Get involved and follow their work on Twitter here: @hrw

Ready for the Finding Ways to Walk Together National Meeting!

Finding Ways to Walk Together. National Dialogue in Liliesleaf, Rivonia

The Finding Ways to Walk Together Project, part of the Shared Societies Project, has celebrated its National Meeting in Gauteng, South Africa, yesterday and today with financial support from the European Union Delegation in the Republic of South Africa.

The intention with the national event is to have a visionary and inclusive meeting where “differentvoices” come together to do the following:

  • Receive and reflect on key themes emanating from the provincial dialogues
  • Draw inspiration from positive case studies of societies that are successfully walking together,both in South Africa and beyond its borders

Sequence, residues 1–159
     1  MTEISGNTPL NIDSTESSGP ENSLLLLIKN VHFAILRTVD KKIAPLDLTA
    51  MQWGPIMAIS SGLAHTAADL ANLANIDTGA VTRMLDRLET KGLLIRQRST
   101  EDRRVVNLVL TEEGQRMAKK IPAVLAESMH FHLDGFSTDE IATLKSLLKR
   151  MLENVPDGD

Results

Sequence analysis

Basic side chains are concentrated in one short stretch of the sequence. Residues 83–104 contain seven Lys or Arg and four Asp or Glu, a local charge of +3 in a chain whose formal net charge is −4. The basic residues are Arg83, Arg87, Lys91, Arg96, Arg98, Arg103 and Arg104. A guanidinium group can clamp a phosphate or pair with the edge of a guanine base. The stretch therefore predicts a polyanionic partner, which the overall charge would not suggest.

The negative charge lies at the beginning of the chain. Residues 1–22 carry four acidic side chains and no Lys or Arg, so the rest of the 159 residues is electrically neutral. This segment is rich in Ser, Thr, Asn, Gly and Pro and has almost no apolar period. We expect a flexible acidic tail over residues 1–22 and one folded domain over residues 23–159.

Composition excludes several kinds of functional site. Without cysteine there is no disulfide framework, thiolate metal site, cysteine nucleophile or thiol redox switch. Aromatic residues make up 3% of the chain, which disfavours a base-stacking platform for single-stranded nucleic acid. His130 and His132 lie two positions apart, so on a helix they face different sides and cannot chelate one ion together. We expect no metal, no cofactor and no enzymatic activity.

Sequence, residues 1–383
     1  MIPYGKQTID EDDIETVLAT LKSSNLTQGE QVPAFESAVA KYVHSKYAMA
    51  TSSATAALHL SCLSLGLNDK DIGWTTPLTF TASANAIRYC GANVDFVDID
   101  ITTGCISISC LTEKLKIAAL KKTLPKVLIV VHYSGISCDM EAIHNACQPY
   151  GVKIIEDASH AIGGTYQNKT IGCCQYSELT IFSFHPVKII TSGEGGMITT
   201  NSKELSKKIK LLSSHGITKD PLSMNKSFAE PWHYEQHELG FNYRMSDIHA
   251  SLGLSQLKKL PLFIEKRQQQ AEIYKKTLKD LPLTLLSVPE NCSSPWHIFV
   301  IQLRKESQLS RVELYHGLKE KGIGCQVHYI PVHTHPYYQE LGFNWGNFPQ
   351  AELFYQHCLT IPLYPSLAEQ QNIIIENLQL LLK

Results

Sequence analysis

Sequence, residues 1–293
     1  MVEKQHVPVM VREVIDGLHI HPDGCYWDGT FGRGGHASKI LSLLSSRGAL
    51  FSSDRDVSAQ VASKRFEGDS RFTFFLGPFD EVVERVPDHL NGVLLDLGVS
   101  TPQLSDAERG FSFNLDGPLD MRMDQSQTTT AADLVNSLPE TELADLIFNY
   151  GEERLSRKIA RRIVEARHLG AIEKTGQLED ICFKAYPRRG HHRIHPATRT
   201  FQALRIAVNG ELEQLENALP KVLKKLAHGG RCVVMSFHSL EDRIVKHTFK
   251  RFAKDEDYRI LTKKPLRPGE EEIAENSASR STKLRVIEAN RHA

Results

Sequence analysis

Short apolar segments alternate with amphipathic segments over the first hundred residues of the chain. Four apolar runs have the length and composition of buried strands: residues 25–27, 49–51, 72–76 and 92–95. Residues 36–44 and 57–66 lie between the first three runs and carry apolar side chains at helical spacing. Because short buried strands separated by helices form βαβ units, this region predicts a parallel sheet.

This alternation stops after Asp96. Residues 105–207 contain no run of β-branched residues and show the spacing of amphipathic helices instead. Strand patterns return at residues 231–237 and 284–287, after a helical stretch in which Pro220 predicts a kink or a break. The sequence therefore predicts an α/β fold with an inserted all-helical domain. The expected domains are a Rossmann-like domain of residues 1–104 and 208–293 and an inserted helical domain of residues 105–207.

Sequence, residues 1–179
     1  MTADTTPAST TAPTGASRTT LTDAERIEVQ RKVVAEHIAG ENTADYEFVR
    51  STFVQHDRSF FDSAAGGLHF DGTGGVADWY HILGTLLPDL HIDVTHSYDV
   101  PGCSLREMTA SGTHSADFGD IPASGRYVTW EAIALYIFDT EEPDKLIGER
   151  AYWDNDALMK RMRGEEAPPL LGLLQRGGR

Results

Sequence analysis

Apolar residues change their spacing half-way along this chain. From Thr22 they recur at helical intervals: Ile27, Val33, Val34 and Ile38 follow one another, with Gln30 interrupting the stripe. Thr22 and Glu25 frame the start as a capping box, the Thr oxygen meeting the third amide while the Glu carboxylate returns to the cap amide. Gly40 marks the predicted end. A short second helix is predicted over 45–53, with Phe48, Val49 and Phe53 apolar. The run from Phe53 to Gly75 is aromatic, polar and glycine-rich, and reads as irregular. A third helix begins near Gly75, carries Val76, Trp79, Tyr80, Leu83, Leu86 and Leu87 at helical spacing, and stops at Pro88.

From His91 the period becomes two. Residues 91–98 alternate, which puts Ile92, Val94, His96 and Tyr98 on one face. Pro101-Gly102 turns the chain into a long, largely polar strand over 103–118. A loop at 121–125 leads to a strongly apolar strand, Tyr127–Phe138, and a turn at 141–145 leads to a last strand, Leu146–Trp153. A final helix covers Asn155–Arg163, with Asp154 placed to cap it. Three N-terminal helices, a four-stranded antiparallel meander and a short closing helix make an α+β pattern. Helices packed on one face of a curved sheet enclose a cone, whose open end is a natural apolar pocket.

• Have conversations with the National Planning Commission
  • Have conversations with (national and international) political actors and Club of Madrid Board Members
  • Consider key practical proposals on how to sustain dialogue as an approach to maximise theopportunities for cohesion and development
  • Contribute to shifts attitudes (from despair to hope; from apathy to taking responsibility forone’s own destiny) and behaviour (a willingness to engage and dialogue as opposed toaccepting divisions and separation) in the South African context

The purpose is to inspire a core group of South Africans to unite around a vision of a countrywhere dialogue is practiced and sustained at all levels and to commit to achieving that vision.

We would like to say thank you to our partners: Idasa and The Institute for Justice and Reconciliation.